J. L. BELL is a Massachusetts writer who specializes in (among other things) the start of the American Revolution in and around Boston. He is particularly interested in the experiences of children in 1765-75. He has published scholarly papers and popular articles for both children and adults. He was consultant for an episode of History Detectives, and contributed to a display at Minute Man National Historic Park.

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Sunday, July 16, 2006

Conspiracy theories of the Revolution

On 19 July 1775, the Rev. Dr. Ezra Stiles of Newport devoted a fair amount of his journal to recording a story that even he (who was a sucker for these sorts of tales) had deemed "incredible":

Capt. Jno. Hansen formerly of N York now of St. Crux a Danish Settlem’t where he has a Plantation, came to N York last Week. He says in settling some Accounts at Hispaniola on a Contract for supplying the Kings Timber stores he was obliged to go to Paris—where he became intimately acquainted with the Pretender’s Secretary.

Once while he was in his Office the Secr’y removed an unsealed packet which stepping out he left on the Table. Capt. Hanson read & found it from Ld North & the Earl of Bute [present and past First Ministers of Britain]—informing that the Plan was almost finished; that the Draught of Troops for America would soon leave Engld so defenceless that the Pretender with 20 Thousd Troops might land & march all over Engld &c &c &c.

Capt. Hansen instantly escaped & absconded carrying off the Packet—came to Engld & informed Ld North that he was possessed of this secret Correspondence. Ld North offered him a pension of £1000. for Secrecy. At length he persuaded him to take up with £500 per ann. with a promise of further Provision of £500 more. Having obtained this Hansen came home to St. Cruz.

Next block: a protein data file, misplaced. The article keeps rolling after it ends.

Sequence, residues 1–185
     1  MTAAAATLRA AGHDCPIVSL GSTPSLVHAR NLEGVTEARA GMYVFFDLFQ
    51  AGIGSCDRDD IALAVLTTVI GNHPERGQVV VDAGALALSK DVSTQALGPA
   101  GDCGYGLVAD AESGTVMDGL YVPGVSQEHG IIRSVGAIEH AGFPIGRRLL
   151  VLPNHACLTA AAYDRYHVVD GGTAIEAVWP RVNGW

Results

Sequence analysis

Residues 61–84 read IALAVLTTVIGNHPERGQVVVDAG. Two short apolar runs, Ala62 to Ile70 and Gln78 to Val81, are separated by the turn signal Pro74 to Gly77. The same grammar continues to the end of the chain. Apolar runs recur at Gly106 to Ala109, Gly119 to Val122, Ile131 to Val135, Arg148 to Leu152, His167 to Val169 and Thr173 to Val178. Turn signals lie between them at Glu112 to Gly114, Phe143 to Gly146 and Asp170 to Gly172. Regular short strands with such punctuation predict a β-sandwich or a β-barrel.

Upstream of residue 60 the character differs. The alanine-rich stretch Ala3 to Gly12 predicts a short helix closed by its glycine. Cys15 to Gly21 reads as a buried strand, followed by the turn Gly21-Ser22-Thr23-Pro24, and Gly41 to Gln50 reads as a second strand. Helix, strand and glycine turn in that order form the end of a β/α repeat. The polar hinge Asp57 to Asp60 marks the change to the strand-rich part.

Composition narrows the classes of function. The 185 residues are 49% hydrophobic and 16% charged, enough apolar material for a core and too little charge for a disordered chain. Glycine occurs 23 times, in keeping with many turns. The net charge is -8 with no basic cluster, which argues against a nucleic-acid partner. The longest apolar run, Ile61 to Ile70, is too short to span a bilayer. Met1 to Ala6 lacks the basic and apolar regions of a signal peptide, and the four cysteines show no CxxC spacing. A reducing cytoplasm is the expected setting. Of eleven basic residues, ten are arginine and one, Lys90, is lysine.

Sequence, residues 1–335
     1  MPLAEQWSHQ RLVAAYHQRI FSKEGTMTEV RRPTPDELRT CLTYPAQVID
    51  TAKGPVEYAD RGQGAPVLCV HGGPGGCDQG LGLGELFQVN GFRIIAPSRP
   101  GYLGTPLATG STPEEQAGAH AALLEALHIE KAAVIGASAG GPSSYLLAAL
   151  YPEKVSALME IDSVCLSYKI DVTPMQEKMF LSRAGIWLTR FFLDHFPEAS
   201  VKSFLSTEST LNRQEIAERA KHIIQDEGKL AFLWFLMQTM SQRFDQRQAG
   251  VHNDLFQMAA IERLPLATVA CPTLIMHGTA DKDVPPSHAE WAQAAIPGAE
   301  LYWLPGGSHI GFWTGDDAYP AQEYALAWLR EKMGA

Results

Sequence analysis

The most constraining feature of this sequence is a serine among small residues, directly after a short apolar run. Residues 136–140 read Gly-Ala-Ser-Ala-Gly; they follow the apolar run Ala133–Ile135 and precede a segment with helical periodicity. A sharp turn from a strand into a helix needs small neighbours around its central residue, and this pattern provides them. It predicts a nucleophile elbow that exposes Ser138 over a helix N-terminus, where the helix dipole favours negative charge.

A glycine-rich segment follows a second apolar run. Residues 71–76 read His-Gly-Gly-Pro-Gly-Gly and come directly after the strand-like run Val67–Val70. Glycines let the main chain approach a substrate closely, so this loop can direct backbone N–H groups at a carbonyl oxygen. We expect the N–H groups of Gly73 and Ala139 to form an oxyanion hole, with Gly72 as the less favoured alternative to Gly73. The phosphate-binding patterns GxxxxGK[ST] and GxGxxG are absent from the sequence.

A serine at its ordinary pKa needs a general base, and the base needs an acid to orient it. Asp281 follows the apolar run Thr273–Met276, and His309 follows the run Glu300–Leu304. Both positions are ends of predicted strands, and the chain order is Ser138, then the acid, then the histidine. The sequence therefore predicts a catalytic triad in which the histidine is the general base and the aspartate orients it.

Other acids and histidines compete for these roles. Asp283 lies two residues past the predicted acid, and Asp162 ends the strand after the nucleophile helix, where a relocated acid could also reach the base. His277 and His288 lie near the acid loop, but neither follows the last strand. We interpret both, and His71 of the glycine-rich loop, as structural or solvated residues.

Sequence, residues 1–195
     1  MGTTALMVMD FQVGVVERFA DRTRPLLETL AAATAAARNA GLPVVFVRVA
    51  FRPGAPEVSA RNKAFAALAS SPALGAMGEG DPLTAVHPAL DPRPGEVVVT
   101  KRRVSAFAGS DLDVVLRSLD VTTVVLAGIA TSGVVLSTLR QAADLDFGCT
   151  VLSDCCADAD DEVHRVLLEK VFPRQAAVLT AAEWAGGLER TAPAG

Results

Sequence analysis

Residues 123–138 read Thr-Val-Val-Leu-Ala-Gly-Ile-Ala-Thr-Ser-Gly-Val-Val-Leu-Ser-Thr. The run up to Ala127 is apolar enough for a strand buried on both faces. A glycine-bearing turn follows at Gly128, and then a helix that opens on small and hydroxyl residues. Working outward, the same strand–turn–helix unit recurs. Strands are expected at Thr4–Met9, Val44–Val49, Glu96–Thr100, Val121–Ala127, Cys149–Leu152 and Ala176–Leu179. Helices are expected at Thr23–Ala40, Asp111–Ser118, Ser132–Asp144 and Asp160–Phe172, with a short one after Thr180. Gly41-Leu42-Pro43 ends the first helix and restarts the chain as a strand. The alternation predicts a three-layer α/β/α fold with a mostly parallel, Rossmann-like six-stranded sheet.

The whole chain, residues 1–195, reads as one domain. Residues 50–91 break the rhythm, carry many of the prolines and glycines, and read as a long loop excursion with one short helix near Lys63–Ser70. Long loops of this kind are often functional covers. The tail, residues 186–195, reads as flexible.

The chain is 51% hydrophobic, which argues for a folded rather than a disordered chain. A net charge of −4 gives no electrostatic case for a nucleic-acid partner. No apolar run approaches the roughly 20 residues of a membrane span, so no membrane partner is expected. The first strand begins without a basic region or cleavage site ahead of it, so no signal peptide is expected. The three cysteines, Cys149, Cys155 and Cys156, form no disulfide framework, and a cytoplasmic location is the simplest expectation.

But this Spring hearing of the Battle of Lexington & find’g America deluged in War he says his Conscience affected him, knowing he was possessed of a secret which would settle the whole & bring the Authors of all the Mischief to Punishment. He accordingly came to N York & opened the matter to the Congress there, which is said to credit the Informa. & have sent Capt. Hanson to lay it before the Continental Congress.

Mr. Ledyard &c received this Acco. from the mouth of Capt. Hanson himself at N York last Friday, & told it to Capt. Warner of Newp’t yesterday, Who told it me. The Thing is incredible. Or even if true, it will come to Noth’g—because Ld North doubtless retook the Packet—& the Ministry will wink away oral Testimony, as in the Burn’g of the Dockyard, & in the Proofs of the Princess Dowager receiv’g a Million, Earl of Bute half a Million, & 2 other Cronies a quarter Million each from France for the Peace of 1763. If Hanson was wise eno’ to retain the Letters—he has it in his Power to convince & open the Eyes of the King & the Nation, & restore Tranquillity.
By the end of his entry, Stiles was seriously considering that top ministers of the British government had provoked all the trouble in America so as to tie up the army, letting the Stuart Pretender sail from France and seize power. If only Capt. Hanson had kept his documentary proof, Stiles lamented, then the whole conspiracy could be exposed and the rift between Britain and America healed.

Stiles was far from the only man of the time entertaining what looks like an outlandish conspiracy theory. After the long war, Roger Lamb, who had served as a sergeant in the British Army, started his account of the conflict with this explanation: